In 1862, fearing capture by Union forces during the Civil War, the Louisiana state legislature abandoned Baton Rouge, the state capital, and moved first to Opelousas, a more isolated and easily defended town sixty miles to the west, and then to Shreveport in the far northwest corner of the state. At war’s end, the capital was established at New Orleans, the seat of Federal forces in Louisiana, but by the end of Reconstruction in 1877, there was talk of moving the capital once again.
The Louisiana Capitolian was founded in 1879 in part to campaign for returning the capital to Baton Rouge. The paper’s founder was Leon Jastremski (1843-1907). Born in France to Polish parents, Jastremski immigrated with his family to Vermillionville (now Lafayette), Louisiana, as a child. Jastremski worked as an apprentice at the Abbeville Meridional before serving in a Confederate regiment during the Civil War. Elected mayor of Baton Rouge in 1876, Jastremski was one of the founders of the National Press Association and served for ten years as president of the Louisiana Press Association. He was an outspoken supporter of formal education for journalists.
Jastremski’s reporting initially focused on the debate over where to locate the state capital. After Baton Rouge was officially chosen in late 1879, the paper began to report on preparations being made for the legislature’s move. This included rebuilding the old state capitol, which had burned during the Civil War while being used as a barracks by Federal troops.The Capitolian combined news of state government with proceedings of the town council and the East Baton Rouge Parish police jury, the governing body of the parish. Civic improvements in Baton Rouge had been much neglected during Reconstruction and became one of the paper’s main topics of discussion. It also reported in depth on local educational institutions, including Louisiana State University, the Louisiana Institution for the Deaf, Dumb and Blind, and Centenary College in nearby Jackson, Louisiana. Among other topics reported were the activities of local members the Greenback Party, which opposed a shift from paper money to a bullion-based monetary system; the so-called Exodus of 1879, in which large numbers of African Americans left Louisiana in search of a better life in Kansas; and proposed railroad connections between Baton Rouge and other towns throughout the state. Original fiction, some of it by the Louisiana Capitolian’s publisher William A. LeSueur, offers a snapshot of southern literary life in the late nineteenth century.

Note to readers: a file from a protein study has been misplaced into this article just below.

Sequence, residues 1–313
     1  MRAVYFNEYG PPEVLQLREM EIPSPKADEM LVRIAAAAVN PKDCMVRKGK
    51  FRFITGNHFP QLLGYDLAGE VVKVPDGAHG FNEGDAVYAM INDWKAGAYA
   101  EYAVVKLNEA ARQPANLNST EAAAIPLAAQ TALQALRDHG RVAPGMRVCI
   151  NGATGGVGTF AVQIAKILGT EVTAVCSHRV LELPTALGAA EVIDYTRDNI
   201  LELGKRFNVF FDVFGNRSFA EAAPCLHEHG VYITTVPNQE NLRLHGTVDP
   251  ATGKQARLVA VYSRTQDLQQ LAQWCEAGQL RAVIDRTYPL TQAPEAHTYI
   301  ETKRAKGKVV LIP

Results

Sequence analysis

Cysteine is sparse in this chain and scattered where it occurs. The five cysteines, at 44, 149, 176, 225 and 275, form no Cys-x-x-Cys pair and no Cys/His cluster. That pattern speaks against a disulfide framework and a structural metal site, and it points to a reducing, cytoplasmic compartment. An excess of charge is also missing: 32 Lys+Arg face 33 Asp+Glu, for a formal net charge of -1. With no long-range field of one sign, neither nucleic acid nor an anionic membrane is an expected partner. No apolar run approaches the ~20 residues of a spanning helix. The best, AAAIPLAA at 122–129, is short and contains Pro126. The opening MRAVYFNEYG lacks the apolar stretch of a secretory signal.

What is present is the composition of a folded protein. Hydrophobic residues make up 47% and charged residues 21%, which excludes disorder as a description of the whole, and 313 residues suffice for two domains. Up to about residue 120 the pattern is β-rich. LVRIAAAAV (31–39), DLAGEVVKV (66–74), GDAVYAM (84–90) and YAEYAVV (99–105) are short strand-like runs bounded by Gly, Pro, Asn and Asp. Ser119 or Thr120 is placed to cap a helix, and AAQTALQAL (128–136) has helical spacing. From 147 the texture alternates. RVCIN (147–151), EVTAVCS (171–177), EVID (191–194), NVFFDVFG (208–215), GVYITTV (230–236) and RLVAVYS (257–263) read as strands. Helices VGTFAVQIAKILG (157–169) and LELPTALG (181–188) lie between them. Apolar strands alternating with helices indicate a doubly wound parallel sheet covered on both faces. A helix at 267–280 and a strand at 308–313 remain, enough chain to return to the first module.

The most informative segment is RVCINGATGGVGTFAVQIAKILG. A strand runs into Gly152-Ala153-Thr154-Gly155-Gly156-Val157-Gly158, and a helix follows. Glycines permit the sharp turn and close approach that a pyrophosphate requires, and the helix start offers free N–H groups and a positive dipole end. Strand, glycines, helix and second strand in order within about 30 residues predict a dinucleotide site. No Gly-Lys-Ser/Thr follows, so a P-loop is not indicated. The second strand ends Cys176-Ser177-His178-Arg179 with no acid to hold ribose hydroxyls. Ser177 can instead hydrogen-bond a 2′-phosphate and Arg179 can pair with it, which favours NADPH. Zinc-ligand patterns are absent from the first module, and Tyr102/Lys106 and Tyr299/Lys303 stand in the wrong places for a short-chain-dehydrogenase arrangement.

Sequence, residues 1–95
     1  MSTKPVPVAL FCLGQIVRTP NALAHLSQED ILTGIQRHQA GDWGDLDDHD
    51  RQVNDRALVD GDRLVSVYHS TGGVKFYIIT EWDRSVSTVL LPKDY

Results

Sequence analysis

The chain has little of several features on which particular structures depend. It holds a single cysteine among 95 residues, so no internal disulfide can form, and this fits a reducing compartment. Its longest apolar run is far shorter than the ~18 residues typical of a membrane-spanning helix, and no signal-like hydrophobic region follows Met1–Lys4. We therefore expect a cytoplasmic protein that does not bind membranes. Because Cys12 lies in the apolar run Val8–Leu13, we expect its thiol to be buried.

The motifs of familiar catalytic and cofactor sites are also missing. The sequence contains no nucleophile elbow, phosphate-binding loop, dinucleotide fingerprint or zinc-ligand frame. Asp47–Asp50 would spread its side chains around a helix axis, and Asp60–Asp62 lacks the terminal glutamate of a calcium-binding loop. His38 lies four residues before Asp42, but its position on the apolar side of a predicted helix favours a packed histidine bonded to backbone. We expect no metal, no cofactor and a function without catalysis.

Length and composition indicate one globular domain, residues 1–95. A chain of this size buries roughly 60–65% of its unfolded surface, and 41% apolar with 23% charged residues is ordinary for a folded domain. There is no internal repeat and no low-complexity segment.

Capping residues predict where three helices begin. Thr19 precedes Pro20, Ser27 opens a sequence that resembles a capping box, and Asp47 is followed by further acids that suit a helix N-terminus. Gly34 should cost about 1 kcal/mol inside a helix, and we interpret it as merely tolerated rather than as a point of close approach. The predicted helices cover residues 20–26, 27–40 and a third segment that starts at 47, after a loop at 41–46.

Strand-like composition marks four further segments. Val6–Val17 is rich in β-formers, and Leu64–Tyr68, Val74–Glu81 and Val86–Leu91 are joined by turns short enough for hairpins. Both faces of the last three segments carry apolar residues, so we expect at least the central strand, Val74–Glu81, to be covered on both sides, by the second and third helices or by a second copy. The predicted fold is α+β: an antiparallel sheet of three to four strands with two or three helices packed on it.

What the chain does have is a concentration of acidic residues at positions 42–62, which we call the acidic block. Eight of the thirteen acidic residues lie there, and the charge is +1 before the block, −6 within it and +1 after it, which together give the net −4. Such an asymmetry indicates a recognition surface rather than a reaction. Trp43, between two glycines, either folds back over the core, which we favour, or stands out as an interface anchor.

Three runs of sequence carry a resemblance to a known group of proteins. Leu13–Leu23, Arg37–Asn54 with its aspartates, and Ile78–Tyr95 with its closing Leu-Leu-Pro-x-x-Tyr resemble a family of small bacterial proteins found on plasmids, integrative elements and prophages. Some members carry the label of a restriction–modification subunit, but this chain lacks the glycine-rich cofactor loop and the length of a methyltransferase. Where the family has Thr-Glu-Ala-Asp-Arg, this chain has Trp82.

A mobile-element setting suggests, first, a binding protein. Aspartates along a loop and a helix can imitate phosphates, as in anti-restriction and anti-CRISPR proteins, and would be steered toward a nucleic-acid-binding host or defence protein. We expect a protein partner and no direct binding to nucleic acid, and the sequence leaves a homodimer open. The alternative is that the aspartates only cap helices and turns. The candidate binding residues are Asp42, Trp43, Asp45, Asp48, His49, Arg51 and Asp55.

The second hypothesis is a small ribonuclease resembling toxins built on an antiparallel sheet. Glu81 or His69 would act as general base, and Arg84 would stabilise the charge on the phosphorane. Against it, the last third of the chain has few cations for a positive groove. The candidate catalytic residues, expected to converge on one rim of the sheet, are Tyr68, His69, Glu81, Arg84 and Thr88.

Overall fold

The Louisiana Capitolian was published on Tuesdays and Thursdays in four pages and on Saturdays in eight pages. In January 1882, it was issued for two weeks as the Daily Louisiana Capitolian. Later that month, on condition that he be designated state printer, Jastremski agreed to a merger with the Baton Rouge Daily Advocate. The resulting paper, the Daily Capitolian-Advocate, became the official state journal.